Angelique / Anton Shebetko, Ukraine
“I don’t have a story about self-identification. I just realized at 17 that I like other genders too. At the age of 17, I liked my classmate and it didn’t make me feel wrong or different. No, on the contrary, I felt cool.
In general, I’m a pansexual person and I had an inner biphobia. It’s quite common in the community when other people try to sway you to one side or the other. It affected me a little and slowed down my process of full acceptance.
My coming-out took place on Instagram. I liked this girl, and I interpreted this interest as envy. I remember reading a book about psychoanalysis and it was about suppressing desires. That night I had an erotic dream with this girl. I woke up and realized that it was not envy; I just like her. And then I wrote a post on Instagram saying that in case someone didn’t know, I’m a bisexual person.
As for my non-binary nature, I realized it during the lockdown, when I spent a lot of time alone with myself and I didn’t have to play gender roles that were imposed from the outside. It took me longer to realize that I am a non-binary person, because I do not feel any pronounced gender dysphoria and I understand that being born in another body, I would feel just as comfortable. As for societal acceptance , I am very open about my identity and immediately upon acquaintance I say that I am a non-binary person and that my pronouns are “they/them”. For many cishetero people this is something new and incomprehensible, but most do try to respect my pronouns. And if they don’t respect me, then such people have no place in my life.
I didn’t come out in front of my parents, it just wasn’t necessary. My father himself asks me when there was a Pride and if I went to it. I have a very good father, he is not homophobic at all. It seems to me that if a person is good, they do not have any hatred.
In Kyiv, I am involved in activism, mostly aimed at uniting the queer community. I see a lot of positive changes in Ukraine and that is why I live in Kyiv and not in Berlin. In fact, I lived in Berlin for a year and I can compare. In Kyiv, the community is bolder, we have more challenges. In Berlin, people are relaxed, there is no spirit of struggle. When you go to Pride in Kyiv, you immediately feel solidarity, unity, a sense of common cause. And here you go and people are, like, going out for a walk.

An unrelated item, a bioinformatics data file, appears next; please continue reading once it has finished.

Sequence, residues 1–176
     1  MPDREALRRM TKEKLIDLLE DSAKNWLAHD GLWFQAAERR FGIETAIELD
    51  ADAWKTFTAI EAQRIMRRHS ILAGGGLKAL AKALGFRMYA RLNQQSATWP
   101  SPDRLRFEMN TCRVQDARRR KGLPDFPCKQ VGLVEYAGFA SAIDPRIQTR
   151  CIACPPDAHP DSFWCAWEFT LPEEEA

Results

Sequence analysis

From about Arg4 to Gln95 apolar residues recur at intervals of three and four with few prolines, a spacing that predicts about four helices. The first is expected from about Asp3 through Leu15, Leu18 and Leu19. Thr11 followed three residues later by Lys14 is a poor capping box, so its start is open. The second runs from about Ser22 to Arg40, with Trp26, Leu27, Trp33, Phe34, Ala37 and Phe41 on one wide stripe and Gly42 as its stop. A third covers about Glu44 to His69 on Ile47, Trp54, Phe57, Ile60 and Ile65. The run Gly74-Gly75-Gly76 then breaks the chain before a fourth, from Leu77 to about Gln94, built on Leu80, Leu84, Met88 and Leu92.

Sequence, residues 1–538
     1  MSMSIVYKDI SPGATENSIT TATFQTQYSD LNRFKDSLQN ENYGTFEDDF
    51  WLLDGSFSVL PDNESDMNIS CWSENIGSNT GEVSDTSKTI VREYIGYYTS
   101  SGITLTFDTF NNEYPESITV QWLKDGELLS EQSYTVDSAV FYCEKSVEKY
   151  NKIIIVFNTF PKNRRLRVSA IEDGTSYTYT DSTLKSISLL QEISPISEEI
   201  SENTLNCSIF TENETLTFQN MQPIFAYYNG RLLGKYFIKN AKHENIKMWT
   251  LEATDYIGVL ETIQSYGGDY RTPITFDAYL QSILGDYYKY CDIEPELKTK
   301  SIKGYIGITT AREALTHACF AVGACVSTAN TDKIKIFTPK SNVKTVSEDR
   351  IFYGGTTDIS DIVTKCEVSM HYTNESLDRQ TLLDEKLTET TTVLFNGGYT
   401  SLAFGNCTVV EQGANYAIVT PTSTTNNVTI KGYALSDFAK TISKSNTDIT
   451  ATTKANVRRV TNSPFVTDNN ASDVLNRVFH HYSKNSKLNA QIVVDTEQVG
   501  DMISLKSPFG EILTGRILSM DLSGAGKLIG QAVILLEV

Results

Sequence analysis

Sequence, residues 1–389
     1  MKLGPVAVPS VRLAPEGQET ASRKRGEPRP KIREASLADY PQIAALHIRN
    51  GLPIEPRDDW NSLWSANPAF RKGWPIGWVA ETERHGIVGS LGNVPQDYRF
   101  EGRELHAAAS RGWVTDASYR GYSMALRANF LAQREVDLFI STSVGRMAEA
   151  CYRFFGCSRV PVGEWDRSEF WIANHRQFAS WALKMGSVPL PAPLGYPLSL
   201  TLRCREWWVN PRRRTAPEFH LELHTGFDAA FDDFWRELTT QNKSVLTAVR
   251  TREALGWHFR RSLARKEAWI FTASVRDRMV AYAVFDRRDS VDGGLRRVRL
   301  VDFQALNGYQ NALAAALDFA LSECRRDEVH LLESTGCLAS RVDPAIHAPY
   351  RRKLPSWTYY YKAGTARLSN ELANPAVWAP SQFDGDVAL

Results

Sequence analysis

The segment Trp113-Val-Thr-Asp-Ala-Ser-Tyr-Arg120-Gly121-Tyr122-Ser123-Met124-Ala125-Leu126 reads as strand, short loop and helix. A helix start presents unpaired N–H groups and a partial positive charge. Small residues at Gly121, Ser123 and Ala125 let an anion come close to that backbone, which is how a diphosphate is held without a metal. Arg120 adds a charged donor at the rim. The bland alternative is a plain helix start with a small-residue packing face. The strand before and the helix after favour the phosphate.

Of course, the Ukrainian queer community faces many challenges. First of all, there are homophobic, Nazi things. Before the war, there was evidence, an investigation, that all these actions were sponsored by Russia; most neo-Nazis actually come from Russia and have proven ties to Russian intelligence. Of course, it was very profitable for Russia to paint a picture that there are many Nazis and homophobes in Ukraine.
About war. On February 24, I was in Kyiv, at home. At 6:31 my partner called me and said that they had started bombing Kyiv. It seems to me that this was the worst moment, because at that time a new reality began, with all this horror that is happening now.
On the first day of the war, my partner enrolled in the Territorial Defense. This was his plan in case of a full-scale war. We last saw each other on February 23rd.
At first I went to Western Ukraine, but there are quite big problems with housing and so I decided to go to Berlin, make an exhibition here and raise money for the NGO Insight. We tried to go to volunteer centers or territorial defense, but there were a lot of people everywhere and we were not accepted. I would like to volunteer, but start from what is necessary. However, if the need arises, I will also take part in the war and take up arms.
It seems to me that the war will not strengthen the right-wing sentiments in Ukrainian society. It will be the other way around, because it is a war for freedom, in particular for freedom and liberation of the queer and trans people. We are fighting against the ‘Russian world’ which embodies homophobia. I think that after the war there will be a flourishing of the Ukrainian queer community.”